El Dorado High School Gym

The El Dorado High School Gym, located at 300 South West Avenue on the South Arkansas Community College’s West Campus at El Dorado (Union County), is an Art Deco–style recreational building designed by architect John B. Abbot and constructed in 1940 with assistance from the Works Progress Administration (WPA), a Depression-era federal relief agency. It was listed on the National Register of Historic Places on November 26, 2002. The El Dorado High School campus contained a high school building and what was then the El Dorado Junior College Building when El Dorado Special School District No. 15 began seeking funds to build a gymnasium through President Franklin Roosevelt’s New Deal agencies during the Great Depression. After a five-year effort, the …

El Dorado Junior College

El Dorado Junior College was a public junior college open from 1928 to 1942 in El Dorado (Union County). Operating on the campus of El Dorado High School, it was established as a preparatory school by the El Dorado School District for students hoping to enter universities. The high school and El Dorado Junior College often shared equipment, instructors, laboratories, the gymnasium, and other facilities, but the two institutions remained separate in many respects. In particular, the high school mostly used the newer auditorium building for lectures, while the college mostly used the adjacent classroom building. This red brick, three-story classroom building had actually been constructed in 1905 as the high school for El Dorado. Because of its use as …

El Dorado Race Riot of 1910

The El Dorado Race Riot that began on February 26, 1910, was reportedly sparked by a gun battle between an unidentified African-American man and three white men—Deputy Sheriff H. E. Reynolds, Oscar P. Reynolds, and Roscoe Montgomery—outside of an El Dorado (Union County) barbershop owned by black businessman Oscar “China Parker” Warren. Newspaper accounts vary widely as to the cause of the altercation, though most reports agree that there was some type of verbal interaction between the unidentified black man and the group of white men, in which the former reportedly spoke to the white men in a “very insolent manner.” The Texarkana Courier reported that “one of the white men brushed against the black man, who said in response, …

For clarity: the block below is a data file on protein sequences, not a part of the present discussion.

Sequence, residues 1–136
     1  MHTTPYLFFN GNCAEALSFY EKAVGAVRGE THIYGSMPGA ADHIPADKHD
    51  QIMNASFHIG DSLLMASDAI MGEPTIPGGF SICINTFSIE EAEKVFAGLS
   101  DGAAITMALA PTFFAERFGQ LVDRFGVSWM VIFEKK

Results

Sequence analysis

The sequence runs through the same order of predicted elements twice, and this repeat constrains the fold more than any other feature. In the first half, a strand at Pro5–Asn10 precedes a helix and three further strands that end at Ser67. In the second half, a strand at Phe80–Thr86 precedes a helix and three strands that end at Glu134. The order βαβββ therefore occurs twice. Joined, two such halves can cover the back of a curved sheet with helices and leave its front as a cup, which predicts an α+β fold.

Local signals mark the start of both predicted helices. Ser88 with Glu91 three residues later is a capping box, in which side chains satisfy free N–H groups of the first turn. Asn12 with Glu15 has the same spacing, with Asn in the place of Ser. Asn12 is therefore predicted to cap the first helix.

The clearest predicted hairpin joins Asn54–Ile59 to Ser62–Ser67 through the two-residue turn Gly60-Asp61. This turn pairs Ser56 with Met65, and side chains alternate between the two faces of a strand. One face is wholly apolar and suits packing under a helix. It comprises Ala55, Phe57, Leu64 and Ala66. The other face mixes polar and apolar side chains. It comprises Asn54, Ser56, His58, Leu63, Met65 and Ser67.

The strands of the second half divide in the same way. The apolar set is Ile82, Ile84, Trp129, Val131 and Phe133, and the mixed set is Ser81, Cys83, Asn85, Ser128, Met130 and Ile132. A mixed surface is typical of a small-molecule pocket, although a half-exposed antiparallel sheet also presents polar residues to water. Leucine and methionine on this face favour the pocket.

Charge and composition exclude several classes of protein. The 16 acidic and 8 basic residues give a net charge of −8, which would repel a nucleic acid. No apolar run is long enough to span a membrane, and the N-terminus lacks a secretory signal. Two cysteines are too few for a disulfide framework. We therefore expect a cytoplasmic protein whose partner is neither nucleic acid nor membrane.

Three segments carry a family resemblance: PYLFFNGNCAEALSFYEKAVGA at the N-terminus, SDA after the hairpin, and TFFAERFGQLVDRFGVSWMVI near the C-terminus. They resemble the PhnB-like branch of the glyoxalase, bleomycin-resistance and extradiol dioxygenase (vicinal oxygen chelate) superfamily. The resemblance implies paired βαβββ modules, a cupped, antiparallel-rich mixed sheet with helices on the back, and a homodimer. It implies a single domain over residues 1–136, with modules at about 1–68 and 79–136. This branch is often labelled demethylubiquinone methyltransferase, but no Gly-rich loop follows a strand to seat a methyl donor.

Elaine Massacre of 1919

aka: Elaine Race Riot of 1919
aka: Elaine Race Massacre
The Elaine Massacre was by far the deadliest racial confrontation in Arkansas history and possibly the bloodiest racial conflict in the history of the United States. While its deepest roots lay in the state’s commitment to white supremacy, the events in Elaine (Phillips County) stemmed from tense race relations and growing concerns about labor unions. A shooting incident that occurred at a meeting of the Progressive Farmers and Household Union escalated into mob violence on the part of the white people in Elaine and surrounding areas. Although the exact number is unknown, estimates of the number of African Americans killed by whites range into the hundreds; five white people lost their lives. The conflict began on the night of September 30, 1919, …

Ellington, Alice Sankey

Alice Sankey Ellington was a leader in the women’s suffrage movement in Arkansas, an officer of the Southern States Woman Suffrage Association, a war worker during World War I, and a frequent campaigner for suffrage across the country. She oversaw several changes in the statewide organizations that she ran, ultimately leading Arkansas women to gain the right to vote in primary elections in 1917 and win full suffrage in 1919. Alice Sankey was born in Salem, Missouri, on December 14, 1880, to Margaret Virginia Williams Sankey and William Johnson Sankey, a prospector and worker on the St. Louis, Salem and Little Rock Railroad. The second of four children, she was active in Salem’s society as a member of youth social …